Peter Thiel for Supreme Court? Trump might be considering it

Thiel would be the first openly gay nominee, but he'd have to defend some controversial statements

Financial trends and news by Steven Loeb
September 15, 2016
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Peter Thiel has been one of the few, if not the only, big name in tech to actively support Donald Trump's candidacy for president. He was a delegate for Trump at the Republican National Convention in July, and was even given a plum speaking spot, coming out right before Ivanka came out to introduce the candidate himself.

Now it looks like that support could be rewarded in a big way, if Trump gets the chance. 

If Trump is elected President, he is going to nominate Thiel to the Supreme Court, giving him the spot once held by Antonin Scalia, who died in February. That's at least what Thiel has apparently been telling his friends, according to a report in the Huffington Post on Thursday. 

Whether or not this is actually true is a bit muddy. Sources would only speak if they could remain anonymous, for apparent fear of retribution from both men (more on that later). It's also not clear if Trump has actually offered the job to Thiel, or if this is just what Thiel is telling people. So far, a Trump spokesperson is denying that Trump is even considering it. 

“There is absolutely no truth to this whatsoever,” Trump’s press secretary, Hope Hicks, told the Huffington Post.

Interestingly, even Thiel's people are denying it as well. Jeremiah Hall, Thiel's spokesman, told Business Insider, "Peter hasn't had any conversations about a Supreme Court nomination and has no interest in the job." 

Of course, in the world of politics, such denials should always be taken with a grain of salt. I can't even count the number of times politicians have repeatedly said they wouldn't do something... until they turned around and did exactly what they said they'd never do (remember when Marco Rubio wasn't going to run for reelection? Yeah, that didn't last long).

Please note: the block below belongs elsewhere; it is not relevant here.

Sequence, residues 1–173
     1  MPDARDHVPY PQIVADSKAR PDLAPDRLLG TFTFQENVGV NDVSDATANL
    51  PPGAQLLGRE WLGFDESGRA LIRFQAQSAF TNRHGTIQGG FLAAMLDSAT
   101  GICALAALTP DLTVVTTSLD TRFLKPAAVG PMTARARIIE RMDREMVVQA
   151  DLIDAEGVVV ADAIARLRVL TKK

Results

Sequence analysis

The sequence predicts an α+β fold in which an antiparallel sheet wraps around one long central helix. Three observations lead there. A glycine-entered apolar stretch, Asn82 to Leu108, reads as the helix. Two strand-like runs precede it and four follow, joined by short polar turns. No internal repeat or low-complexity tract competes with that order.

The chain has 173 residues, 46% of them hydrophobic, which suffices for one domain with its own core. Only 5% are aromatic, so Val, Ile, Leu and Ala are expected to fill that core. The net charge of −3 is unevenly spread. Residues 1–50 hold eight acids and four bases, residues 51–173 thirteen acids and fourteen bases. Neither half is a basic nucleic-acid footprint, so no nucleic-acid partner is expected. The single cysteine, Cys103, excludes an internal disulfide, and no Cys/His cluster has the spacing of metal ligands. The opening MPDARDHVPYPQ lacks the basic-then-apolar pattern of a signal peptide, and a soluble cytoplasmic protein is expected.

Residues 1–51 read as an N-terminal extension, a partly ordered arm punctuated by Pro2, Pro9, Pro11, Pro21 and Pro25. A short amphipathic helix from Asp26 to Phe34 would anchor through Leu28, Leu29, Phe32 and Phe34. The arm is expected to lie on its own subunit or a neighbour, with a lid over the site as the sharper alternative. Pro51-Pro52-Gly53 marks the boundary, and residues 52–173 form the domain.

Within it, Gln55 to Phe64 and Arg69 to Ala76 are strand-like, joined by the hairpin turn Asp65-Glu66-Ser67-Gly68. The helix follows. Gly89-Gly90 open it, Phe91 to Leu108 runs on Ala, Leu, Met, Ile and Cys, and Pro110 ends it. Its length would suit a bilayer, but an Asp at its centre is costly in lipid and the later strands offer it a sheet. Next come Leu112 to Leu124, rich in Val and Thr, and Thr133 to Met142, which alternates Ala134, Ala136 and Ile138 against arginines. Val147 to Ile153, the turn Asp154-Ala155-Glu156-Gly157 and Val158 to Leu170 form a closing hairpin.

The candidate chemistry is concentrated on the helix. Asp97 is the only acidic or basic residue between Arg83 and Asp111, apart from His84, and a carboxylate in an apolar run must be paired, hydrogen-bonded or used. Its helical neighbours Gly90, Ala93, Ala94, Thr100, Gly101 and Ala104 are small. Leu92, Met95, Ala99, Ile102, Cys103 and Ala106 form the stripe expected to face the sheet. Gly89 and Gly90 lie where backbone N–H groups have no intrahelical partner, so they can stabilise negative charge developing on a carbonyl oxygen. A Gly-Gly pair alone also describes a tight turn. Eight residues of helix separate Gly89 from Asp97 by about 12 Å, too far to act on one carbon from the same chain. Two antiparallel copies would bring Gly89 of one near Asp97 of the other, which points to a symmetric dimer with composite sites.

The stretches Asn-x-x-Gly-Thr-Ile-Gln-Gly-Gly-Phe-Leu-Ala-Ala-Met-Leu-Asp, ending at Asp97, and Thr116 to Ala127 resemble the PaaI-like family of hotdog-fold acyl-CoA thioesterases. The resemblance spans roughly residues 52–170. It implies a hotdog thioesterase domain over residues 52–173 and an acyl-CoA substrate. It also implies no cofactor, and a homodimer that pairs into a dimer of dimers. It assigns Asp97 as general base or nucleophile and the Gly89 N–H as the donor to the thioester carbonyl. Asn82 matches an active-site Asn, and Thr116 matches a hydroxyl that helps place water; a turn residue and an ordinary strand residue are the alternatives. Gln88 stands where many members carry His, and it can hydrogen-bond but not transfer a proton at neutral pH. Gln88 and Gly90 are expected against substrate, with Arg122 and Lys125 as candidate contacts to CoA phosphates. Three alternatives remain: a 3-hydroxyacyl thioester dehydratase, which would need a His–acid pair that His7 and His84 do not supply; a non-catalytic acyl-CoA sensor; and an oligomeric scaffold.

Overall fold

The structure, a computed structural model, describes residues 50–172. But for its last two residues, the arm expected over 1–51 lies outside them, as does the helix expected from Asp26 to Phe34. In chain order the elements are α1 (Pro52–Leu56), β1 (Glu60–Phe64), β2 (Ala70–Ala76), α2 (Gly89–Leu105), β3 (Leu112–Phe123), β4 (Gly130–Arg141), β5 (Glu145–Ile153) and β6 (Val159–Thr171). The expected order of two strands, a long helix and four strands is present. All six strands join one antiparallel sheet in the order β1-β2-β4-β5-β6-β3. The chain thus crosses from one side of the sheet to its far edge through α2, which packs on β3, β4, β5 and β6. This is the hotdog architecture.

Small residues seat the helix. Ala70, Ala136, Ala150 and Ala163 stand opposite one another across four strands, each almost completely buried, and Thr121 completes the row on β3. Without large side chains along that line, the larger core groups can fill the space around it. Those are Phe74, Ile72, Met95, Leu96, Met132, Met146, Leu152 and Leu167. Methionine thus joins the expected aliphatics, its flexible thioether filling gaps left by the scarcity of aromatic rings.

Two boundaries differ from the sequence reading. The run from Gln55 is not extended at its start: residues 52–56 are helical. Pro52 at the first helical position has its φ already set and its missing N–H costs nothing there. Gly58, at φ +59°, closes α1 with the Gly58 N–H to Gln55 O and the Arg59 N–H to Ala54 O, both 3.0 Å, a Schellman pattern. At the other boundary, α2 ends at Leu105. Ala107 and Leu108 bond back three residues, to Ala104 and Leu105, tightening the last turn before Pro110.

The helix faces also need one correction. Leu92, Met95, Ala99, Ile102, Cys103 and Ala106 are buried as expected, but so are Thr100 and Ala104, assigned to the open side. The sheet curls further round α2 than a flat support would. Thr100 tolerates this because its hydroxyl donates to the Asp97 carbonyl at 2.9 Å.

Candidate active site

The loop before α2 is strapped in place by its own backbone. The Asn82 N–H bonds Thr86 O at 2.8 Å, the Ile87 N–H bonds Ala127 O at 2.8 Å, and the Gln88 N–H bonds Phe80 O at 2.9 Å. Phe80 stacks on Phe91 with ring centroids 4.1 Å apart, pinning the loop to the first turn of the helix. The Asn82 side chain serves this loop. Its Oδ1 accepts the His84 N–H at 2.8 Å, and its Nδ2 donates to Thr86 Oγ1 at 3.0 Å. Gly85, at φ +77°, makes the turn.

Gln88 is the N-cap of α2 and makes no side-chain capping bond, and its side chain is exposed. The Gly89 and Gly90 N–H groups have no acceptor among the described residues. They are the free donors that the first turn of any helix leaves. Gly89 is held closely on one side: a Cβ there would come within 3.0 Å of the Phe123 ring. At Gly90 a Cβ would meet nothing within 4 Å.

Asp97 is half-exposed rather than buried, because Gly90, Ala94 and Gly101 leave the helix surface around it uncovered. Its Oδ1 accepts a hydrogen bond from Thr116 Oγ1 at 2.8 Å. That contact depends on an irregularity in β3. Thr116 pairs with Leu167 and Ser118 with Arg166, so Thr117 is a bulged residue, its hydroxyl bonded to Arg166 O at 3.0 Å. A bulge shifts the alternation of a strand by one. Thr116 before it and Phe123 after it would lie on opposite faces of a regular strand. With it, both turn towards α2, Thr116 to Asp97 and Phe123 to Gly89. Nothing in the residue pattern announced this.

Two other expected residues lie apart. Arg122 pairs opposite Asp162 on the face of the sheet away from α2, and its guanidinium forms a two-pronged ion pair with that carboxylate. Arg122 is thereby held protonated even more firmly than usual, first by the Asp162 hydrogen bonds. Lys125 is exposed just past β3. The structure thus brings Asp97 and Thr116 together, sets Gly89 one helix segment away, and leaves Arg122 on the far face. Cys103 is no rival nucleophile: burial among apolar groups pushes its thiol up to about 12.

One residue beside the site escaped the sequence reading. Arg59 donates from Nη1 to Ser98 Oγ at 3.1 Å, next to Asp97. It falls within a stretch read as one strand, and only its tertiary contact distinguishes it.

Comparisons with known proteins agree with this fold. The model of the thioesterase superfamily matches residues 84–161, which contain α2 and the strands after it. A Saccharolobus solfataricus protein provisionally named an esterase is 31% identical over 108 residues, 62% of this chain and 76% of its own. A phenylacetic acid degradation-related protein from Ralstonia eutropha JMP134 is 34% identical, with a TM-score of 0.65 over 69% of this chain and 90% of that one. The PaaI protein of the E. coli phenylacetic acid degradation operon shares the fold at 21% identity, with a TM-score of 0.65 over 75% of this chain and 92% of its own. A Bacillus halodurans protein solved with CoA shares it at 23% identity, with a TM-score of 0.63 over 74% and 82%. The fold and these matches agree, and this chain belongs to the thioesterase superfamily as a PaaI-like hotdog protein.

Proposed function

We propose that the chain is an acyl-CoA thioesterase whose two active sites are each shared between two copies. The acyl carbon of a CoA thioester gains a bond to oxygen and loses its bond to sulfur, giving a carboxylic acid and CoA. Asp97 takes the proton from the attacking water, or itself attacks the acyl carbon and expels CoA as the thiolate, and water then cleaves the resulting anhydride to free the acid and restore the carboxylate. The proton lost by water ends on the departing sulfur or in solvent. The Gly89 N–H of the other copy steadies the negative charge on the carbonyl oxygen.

VatorNews has reached out to Thiel for comment. We will update this story if we learn more.

Thiel's controversial statements

So, let's say this does happen, that Trump wins and nominates Thiel for the Supreme Court. It would be interesting for many different reasons.

First, because Thiel would be the first openly gay nominee for the Supreme Court in history, and that would certainly be something to celebrate. He made similar history at the RNC over the summer, becoming the first speaker to ever declare themselves to be gay at the Republican convention. 

"Of course, every American has a unique identity. I am proud to be gay. I am proud to be a Republican, but, most of all, I am proud to be an American," Thiel said in his speech.

Beyond that, though, are the numerous controversial statements that Thiel has made over the course of his career, which he would no doubt have to answer for. For example, he once compared the current education system to the Catholic Church in the 16th century.

"It has become a very corrupt institution. It was charging more and more for indulgences. People thought they could only get saved by going to the Catholic church, just like people today believe that salvation involves getting a college diploma," he said.

Thiel has called the practice of diversifying your portfolio both lazy and immoral. He has also said that "competition is for losers." 

The statement that would likely spark the most outrage would be his comments regarding women and their right to vote. 

"Since 1920, the vast increase in welfare beneficiaries and the extension of the franchise to women — two constituencies that are notoriously tough for libertarians — have rendered the notion of 'capitalist democracy' into an oxymoron," he wrote in an blog post in 2009. 

"It would be absurd to suggest that women’s votes will be taken away or that this would solve the political problems that vex us. While I don’t think any class of people should be disenfranchised, I have little hope that voting will make things better," he later clarified. 

Something else that would no doubt be brought up would be Thiel's involvement in the case against Gawker earlier this year.

He personally paid the legal expenses for Hulk Hogan, who was suing Gawker over the publishing of his sex tape, giving up around $10 million of his own money to the cause. It was the culmination of years long vendetta against Gawker over a piece published in 2007 entitled, "Peter Thiel is totally gay, people."

When Thiel's actions came to light it set off a firestorm of controversy, with manythough not all, taking umbrage with the idea of a billionaire using his personal wealth to take down a media site that he has a personal grudge against. Even WaPo owner Jeff Bezos told Thiel that he should be spending his time in more constructive ways.

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